20 October 2009

Natchez, Mississippi: Literary Landmarks of the Southern United States, #9

23 September 2009

Our original reason for visiting Natchez was to see the Richard Wright home, but on arriving at the visitor centre there we were told that the house had completely burned down a few years ago. However, one compensation for this was the display of eleven Natchez-associated authors there, the majority of whom I'd never heard. These are the written details on display in full:

'John Francis Hammtrack–Claiborne (1807–1884)

'Born near Natchez, Claiborne had a varied career as an attorney, politician, speculator and newpaper editor. As an editor and essayist, he defended slavery, denounced abolition, supported states' rights, and opposed secession. His collection of historical material and books on political and military subjects earned him the moniker "Father fo Mississippi History".

'William T. Johnson (1809–1851)

'Johnson was a successful Natchez barber and business man who had been born into slavery. His descriptive journals illuminate the details of everyday Natchez life from 1835 until hus murder in 1851, especially the world of free people of color. Published letters and journals of his wife, sister, and daughters also add to our understanding of the time.

'Judith Sargent Murray (1751–1820)

' Murray's brother Winthrop Sargent came to Natchez from Massachusetts in 1798 as the First Territorial Governor of Mississippi, but she did not move to the area until 20 years later at the end of her life. Her essays and books, beginning in 1784, frequently focused on women and girls and have garnered her attention as one of America's first feminists.

'Ann Moody (1940– )

'Born in nearby Centerville, Moody attended Natchez Junior College and then Tougaloo College where she became a civil rights activist. Her autobiography [Coming of Age in Mississippi] (shown above) provides moving insights into the segregated, poverty-stricken world of her rural childhood and her battles with racism as a young woman.

'Alice Walworth Graham (1905–1994)

'Born in Natchez, Graham studied writing at Louisiana University under Robert Penn Warren. Her fictional romances reflect a sentimental view of Southern History with a deep sense of place and attention to daily details.

'Ellen Douglas (1921– )

'Ellen Douglas is the pen name of novelist Josephine Ayres Haxton. Haxton was born in Natchez and is the author of fictional accounts set on mythical Mississippi towns resembling Natchez and Greenville, as will as nonfiction stories about Natchez.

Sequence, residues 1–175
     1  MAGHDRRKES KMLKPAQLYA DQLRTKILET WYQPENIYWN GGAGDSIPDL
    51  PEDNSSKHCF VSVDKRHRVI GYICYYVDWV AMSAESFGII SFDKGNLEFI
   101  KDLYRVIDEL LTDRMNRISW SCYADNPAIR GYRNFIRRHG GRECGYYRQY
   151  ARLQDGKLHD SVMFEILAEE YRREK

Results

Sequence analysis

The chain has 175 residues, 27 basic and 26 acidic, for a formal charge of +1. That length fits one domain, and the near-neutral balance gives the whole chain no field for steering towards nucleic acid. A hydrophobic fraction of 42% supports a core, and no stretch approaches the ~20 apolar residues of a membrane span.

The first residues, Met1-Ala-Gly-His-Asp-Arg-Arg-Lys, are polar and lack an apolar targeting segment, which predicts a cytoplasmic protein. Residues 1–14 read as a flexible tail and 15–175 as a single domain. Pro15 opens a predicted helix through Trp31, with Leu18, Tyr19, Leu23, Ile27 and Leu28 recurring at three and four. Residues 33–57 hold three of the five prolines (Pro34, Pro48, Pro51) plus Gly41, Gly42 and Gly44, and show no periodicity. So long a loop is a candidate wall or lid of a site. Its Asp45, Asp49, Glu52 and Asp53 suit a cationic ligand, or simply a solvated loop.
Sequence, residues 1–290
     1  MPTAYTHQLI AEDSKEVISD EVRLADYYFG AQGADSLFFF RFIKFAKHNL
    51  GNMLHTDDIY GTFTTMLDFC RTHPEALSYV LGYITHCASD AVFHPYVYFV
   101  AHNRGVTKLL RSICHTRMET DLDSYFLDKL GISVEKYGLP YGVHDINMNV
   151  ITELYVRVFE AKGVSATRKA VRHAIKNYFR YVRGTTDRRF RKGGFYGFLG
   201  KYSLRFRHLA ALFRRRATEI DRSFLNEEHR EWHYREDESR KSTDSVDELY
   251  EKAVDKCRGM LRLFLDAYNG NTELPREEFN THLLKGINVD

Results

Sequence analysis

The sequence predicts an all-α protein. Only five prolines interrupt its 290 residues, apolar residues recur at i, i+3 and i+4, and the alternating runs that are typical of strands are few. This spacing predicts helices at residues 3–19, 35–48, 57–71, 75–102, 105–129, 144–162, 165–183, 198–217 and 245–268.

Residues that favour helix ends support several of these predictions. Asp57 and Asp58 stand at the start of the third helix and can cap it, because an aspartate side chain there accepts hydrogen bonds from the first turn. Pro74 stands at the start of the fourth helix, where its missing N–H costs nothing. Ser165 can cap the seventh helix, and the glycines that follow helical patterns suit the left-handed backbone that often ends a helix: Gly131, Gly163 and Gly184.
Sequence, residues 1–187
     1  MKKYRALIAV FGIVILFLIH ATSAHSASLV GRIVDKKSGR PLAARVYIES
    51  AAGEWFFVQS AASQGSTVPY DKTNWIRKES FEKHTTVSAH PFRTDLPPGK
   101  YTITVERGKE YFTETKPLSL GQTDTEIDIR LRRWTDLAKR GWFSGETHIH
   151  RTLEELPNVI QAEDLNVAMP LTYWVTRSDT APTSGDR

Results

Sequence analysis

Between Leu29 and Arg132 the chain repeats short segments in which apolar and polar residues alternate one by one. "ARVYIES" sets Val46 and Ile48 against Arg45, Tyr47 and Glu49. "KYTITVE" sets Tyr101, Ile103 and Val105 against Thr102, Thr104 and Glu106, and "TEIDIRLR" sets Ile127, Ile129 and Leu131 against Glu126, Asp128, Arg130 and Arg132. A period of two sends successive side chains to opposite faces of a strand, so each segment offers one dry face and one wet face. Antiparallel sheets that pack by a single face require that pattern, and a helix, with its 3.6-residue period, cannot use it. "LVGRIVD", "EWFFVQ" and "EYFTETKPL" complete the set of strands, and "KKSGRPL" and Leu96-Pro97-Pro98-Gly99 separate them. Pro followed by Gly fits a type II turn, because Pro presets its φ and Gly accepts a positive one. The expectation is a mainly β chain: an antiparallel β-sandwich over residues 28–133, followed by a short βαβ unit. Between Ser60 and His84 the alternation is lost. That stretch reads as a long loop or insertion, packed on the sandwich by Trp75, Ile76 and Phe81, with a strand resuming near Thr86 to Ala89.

'Catharine Ann Ware Warfield (1816–1877)

'Born in Natchez but raised in Philadelphia, Warfield was educated with and devoted to her sister Eleanor, with whom she wrote poetry until Eleanor's death in Natchez at age 30. Warefield was the author of popual genteel domestic novels written in a conventional style, including the critically acclaimed Jousehold of Bouverie (title page shown above).

'Richard Wright (1909–1960)

'Wright was born to sharecroppers on a plantation near Natchez and grew up in unstable and difficult circumstances in Mississippi and Arkansas. He later moved to Chicago and New York, and ultimately to London and Paris, where he died and is buried. A voracious reader as a child, he became an internationally acclaimed author writing unsentimental novels protesting the ecomomic and social conditions of black Americans.

'John Roy Lynch (1847–1939)

'Born into slavery, Lynch ws freed in Natchez in 1863 when the Union Army occupied the town. Lynch rose to prominence as a politician during Reconstruction, becoming, in 1873, Mississipp's first black member of the U.S. House of Representatives. Lynch's writings advocated integration, equality, and cooperation between the races.

'Greg Iles (1960– )

'Iles was born in Stuttgart, Germany, grew up in Natchez, and returned here as an adult. He published his first novel in 1993. He writes in a number of genres and is the author of many New York Times bestselling fictions.

'Edith Wyatt Moore (1884–1973)

'Moore was a journalist for major city newspapers before moving to Natchez in the early 1930s, where she turned her skills to history. She founded the local historical society and was active in the collection and preservation of historical materials, including William Johnson's diary, and she interviewed formerly enslaved individuals for the Federal Writers' Project. she wrote romantic histories, including a book about Natchez-under-the-Hill, and wrote many of the histories of tour homes in the area.'

Conspicuously absent from the above list of authors is Andrew Marschalk, to whom a marker is dedicated in downtown Natchez, at the corner of Wall and Franklin, and reads, in an odd, almost telegrammatic style:

'Site of the printery of "father of Mississippi journalism." Printed first book in state, 1799. Became first public printer and in 1802 founded famed newpaper, "Mississippi Herald."'

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